"They put up all sorts of places where people could stay," he said. "You know, they've had kind of a nightmare [with high-density housing]. And they said if you go slower it's better."

The rapid growth has sparked other concerns, as well. Mr. St. Onge said the city has seen an increase in crime, including a spike in the number of bar fights and a growing presence of drugs. And cocaine has become the drug of choice for many oil workers who are flush with cash from the job, he said. "There's no doubt, along with everything good there's usually something bad," Mr. St. Onge said.

The police department recently hired a full-time traffic officer to patrol Estevan's increasingly busy roads. And RCMP officers work with border agents and American law-enforcement agencies to keep an eye on cross-border drug trafficking.

The community sits on top of the giant Bakken oil patch, which the U.S. Geological Survey estimates contains as many as 4.3-billion barrels of oil. Although geologists discovered the oil in the 1950s, it's only in recent years that new, horizontal drilling and hydraulic fracturing technology have allowed companies to extract the crude more easily from between layers of shale rock. Since then, it's been a boon to the economy in southeast Saskatchewan and neighbouring North Dakota and Montana.

"The opportunity is phenomenal," said Martin Heitkoetter, an oil and gas contractor from British Columbia. "When I first came here, one of the first things that popped in my head was, 'I have never seen a greater diamond in the rough.'"

As locals snap up the highest-paying oil and construction jobs, employers in the service industry say it's increasingly difficult to find anyone from Estevan who's willing to flip burgers or sling beers. Temporary workers from Eastern Europe and the Philippines now staff Estevan's restaurants, bars and fast-food outlets, brought in to fill positions locals in the area declined to take.

"I think that the fast foods got hit first, because everybody kind of went into the construction and the oil fields," said Denise Vandenhurk, who owns the Dairy Queen with her sisters. "We used to have a stack of [local] résumés, but since 2007, that was the big year of dry. Nothing."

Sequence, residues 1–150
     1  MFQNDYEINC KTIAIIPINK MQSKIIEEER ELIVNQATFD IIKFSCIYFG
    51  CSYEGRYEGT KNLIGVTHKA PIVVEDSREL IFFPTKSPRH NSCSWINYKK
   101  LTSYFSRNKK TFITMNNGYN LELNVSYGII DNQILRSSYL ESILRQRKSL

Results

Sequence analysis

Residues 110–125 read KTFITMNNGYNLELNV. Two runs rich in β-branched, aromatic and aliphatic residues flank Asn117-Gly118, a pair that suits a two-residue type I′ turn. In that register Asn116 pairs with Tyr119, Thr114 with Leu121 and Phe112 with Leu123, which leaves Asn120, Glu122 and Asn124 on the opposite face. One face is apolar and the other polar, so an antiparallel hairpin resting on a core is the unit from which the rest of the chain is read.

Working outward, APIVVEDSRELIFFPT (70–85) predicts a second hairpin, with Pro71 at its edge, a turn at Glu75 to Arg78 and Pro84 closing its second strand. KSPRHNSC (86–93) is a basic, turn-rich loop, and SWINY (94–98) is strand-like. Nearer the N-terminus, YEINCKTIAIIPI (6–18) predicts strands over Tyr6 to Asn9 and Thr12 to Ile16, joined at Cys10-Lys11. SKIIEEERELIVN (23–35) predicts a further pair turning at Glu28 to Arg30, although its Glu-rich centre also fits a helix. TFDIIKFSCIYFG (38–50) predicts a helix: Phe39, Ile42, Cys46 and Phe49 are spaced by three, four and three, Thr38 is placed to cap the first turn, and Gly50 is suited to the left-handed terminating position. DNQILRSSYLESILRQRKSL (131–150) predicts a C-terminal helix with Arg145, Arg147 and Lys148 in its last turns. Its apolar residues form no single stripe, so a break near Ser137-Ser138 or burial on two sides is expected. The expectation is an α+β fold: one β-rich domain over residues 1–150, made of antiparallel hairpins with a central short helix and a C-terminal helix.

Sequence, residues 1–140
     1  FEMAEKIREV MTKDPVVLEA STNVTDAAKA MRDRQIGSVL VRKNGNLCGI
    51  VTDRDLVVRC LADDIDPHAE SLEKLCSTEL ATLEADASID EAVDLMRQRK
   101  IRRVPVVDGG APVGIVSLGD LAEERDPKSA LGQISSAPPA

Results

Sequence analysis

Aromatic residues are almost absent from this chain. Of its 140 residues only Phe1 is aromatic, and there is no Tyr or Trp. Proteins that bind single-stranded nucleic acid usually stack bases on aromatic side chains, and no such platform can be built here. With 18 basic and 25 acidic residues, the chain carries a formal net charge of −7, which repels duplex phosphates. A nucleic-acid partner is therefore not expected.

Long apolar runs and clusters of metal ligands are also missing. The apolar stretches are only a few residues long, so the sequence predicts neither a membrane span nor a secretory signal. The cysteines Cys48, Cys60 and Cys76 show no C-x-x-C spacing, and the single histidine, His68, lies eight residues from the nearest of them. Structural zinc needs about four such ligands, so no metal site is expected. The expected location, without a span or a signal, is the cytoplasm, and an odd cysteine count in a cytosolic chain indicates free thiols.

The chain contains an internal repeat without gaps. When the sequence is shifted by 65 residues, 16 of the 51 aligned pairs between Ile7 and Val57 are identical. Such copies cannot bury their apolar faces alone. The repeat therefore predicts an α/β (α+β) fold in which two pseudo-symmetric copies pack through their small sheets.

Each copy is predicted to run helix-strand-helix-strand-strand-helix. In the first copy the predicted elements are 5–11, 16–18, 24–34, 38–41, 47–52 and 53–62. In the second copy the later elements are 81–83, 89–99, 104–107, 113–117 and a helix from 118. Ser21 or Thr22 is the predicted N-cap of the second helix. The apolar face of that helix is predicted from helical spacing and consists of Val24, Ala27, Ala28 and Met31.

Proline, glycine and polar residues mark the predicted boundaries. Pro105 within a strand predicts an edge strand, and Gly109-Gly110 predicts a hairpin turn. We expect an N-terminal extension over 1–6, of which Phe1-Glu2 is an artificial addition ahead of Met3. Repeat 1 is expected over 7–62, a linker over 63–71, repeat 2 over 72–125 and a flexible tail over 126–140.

Agnes Tolda, 29, was among the first Filipinos Ms. Vandenhurk hired and is now a permanent resident in Canada. In addition to her full-time hours at Dairy Queen, she works two part-time jobs – at a law firm and a motel – and rents a room with a Filipino family.

Since she came here more than three years ago, she's managed to put her younger brother through school and bought a house for her family in Manila. She's paying for two cousins to go to college now.

"I feel proud of myself," she said quietly, looking up from the table at the restaurant. "That's the main goal for us in coming here. We don't just help our family members, we also help our extended family members."

Saskatchewan Economy Minister Bill Boyd said the southeast region, which includes Estevan and the neighbouring city of Weyburn, is a significant contributor to the province's revenue base. "It's driving a good portion of our economy right now," he said.

Mr. St. Onge, who was born and raised in southeast Saskatchewan, said this isn't the first time Estevan has experienced a spike in economic development.

"The oil rush basically began in Estevan in 1957," he said. "Of course, oil has a history of going up and down, in the price, and Estevan's population did that as well over the years."

But, he added, "this seems to be a longer-type boom."

Interact with The Globe